By Hope Wilder
Why energy storage is essential for renewable energy and carbon drawdown
Renewable energy such as solar power and wind don’t make power at convenient times. For example, solar power peaks during the middle of the day, whereas energy usage peaks in the evening. Wind power at ground level is reliant on the weather and is intermittent. Reliable and sustainable energy storage technologies are required to store energy when it is abundant and to give it out at times when people want to use energy. Popular lithium-ion batteries are expensive, toxic, and create environmental problems in mining. This article summarizes three renewable energy storage technologies that are cleaner than lithium batteries: hydrogen fuel cells, thermal energy storage, and salt batteries.
Hydrogen itself can be used as energy storage. When renewable sources are creating excess electricity, an electric current can be used to split water into hydrogen and oxygen. The hydrogen can then be used to generate electricity at a later time in a hydrogen fuel cell.
In large-scale renewable operations, proponents of hydrogen as energy storage advocate storing hydrogen in underground caverns. The advantages of hydrogen power include that inputs (water) and outputs (heat and oxygen) are clean and safe. Currently, hydrogen fuel cell technology is available in limited demonstration sites on the grid, in hydrogen-fueled electric cars that are on the market, and in fairly expensive home technologies.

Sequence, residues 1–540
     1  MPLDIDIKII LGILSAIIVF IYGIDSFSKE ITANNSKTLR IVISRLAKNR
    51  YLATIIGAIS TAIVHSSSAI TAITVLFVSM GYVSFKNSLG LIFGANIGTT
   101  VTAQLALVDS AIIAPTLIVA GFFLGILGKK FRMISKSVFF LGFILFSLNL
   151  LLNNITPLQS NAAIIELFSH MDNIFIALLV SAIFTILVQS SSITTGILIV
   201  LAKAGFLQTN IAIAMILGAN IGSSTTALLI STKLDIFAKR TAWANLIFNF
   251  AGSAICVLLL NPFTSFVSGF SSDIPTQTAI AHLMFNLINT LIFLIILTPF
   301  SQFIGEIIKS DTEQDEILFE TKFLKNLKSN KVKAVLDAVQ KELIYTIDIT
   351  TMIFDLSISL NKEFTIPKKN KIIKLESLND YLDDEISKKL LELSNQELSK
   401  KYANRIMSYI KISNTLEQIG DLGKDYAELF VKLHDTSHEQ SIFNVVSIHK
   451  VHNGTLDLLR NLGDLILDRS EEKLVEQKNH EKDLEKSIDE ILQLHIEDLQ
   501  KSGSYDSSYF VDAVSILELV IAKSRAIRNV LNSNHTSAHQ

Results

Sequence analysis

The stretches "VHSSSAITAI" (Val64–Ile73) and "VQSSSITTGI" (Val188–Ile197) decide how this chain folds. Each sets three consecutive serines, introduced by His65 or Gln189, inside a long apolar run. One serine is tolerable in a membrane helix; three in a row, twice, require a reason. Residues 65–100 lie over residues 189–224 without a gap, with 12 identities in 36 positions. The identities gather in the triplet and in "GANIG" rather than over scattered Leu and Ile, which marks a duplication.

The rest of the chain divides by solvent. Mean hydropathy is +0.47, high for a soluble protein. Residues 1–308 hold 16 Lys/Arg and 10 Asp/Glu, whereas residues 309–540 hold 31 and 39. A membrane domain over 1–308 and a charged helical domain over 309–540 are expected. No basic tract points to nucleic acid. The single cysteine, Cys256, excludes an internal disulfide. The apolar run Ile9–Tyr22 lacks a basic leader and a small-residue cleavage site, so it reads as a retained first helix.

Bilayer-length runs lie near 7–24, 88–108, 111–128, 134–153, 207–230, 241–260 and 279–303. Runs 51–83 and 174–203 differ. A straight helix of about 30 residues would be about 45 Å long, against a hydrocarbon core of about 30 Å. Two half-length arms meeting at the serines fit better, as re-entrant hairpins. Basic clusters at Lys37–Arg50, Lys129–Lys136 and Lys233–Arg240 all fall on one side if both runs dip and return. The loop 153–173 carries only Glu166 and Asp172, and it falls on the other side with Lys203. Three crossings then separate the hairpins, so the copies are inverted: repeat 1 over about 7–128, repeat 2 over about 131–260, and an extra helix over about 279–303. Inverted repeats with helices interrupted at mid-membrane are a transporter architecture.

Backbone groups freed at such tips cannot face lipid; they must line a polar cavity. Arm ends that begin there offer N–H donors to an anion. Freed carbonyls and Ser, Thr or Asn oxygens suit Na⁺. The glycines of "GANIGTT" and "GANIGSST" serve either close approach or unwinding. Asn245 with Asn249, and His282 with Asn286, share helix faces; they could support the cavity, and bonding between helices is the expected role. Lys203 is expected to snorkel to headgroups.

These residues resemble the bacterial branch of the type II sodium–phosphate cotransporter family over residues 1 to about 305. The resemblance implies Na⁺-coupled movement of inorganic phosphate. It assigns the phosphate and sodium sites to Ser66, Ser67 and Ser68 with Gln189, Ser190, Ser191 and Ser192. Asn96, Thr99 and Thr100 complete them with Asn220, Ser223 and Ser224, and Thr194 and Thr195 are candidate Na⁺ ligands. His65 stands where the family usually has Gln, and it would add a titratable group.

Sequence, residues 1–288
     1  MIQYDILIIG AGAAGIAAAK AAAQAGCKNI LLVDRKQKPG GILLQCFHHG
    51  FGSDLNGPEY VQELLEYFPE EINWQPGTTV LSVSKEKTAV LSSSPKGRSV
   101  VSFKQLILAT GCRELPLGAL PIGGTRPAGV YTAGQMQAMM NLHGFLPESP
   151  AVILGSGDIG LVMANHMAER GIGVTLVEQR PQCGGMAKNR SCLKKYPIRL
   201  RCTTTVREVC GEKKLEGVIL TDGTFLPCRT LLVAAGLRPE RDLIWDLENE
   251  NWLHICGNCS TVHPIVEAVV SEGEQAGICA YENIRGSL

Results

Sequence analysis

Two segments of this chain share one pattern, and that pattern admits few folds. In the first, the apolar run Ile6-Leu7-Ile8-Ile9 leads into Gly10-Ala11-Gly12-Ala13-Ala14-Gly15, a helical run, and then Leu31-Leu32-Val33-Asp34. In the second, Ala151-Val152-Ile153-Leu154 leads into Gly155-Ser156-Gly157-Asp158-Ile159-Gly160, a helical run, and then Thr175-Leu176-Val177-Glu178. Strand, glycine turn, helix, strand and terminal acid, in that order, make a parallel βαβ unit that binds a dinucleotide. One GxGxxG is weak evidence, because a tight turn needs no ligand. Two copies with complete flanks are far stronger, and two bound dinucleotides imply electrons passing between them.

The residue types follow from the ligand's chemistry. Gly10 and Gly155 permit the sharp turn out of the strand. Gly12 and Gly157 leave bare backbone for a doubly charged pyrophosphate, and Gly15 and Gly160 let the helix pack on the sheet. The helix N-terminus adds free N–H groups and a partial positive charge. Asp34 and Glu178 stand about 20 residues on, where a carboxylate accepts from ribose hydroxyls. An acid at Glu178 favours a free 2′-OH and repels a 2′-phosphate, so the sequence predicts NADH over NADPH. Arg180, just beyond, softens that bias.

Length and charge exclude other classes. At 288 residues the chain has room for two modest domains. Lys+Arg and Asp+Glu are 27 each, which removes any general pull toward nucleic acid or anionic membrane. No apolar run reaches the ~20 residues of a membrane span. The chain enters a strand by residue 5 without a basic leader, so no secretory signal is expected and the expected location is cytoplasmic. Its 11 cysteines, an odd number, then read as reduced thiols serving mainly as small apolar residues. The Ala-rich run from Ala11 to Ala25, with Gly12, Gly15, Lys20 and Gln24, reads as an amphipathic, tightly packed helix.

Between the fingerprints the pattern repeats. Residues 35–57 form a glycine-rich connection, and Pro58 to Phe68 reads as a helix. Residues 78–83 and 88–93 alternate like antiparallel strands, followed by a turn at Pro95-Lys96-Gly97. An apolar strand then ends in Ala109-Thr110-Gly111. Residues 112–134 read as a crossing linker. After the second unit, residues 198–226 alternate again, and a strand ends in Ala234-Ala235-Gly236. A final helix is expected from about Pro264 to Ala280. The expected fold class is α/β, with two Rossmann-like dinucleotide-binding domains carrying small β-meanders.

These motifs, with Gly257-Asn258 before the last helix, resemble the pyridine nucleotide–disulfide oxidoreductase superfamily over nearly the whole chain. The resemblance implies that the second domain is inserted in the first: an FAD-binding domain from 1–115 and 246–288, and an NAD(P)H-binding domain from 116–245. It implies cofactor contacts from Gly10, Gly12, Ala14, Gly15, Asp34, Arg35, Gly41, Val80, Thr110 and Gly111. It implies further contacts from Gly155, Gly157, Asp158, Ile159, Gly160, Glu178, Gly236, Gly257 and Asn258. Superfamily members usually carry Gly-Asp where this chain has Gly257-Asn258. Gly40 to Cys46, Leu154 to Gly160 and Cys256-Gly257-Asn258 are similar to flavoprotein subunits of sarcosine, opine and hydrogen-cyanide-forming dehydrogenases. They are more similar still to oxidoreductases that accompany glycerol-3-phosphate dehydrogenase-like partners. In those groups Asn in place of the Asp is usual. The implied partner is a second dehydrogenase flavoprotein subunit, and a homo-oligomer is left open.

Thermal energy storage is simply heating something and using the heat at a later time, and there are many varieties of thermal energy storage systems. An example of renewable technology would be a solar hot water heater where the water is directly heated by the sun. Other residential applications include pumping excess heat into the ground during the day and retrieving the heat at night. Thermal energy storage can even be used on seasonal cycles, storing heat during the summer and using it during the winter. The simplest thermal energy technologies are for heating and cooling applications, but thermal batteries that could store energy as heat and be used to create electricity later are also under development.
One form of thermal energy storage is the molten salt battery. Molten salt batteries work by freezing and thawing a salt solution, and they can store energy for weeks or months at a time. This cheap and efficient technology could be used at scale for the power grid. Pros include affordable and abundant materials, high safety, long life cycles compared to chemical batteries, and safe disposal of materials. The major con is that these batteries must constantly be maintained at very high temperatures (~250 degrees Celsius) and therefore take up to 12 hours to charge. The best application for molten salt batteries is to be maintained at high heat by the power grid to even out power distribution daily and seasonally.
These are just some technologies under development to help store energy. Many different energy storage technologies need to be developed to tackle climate change head-on.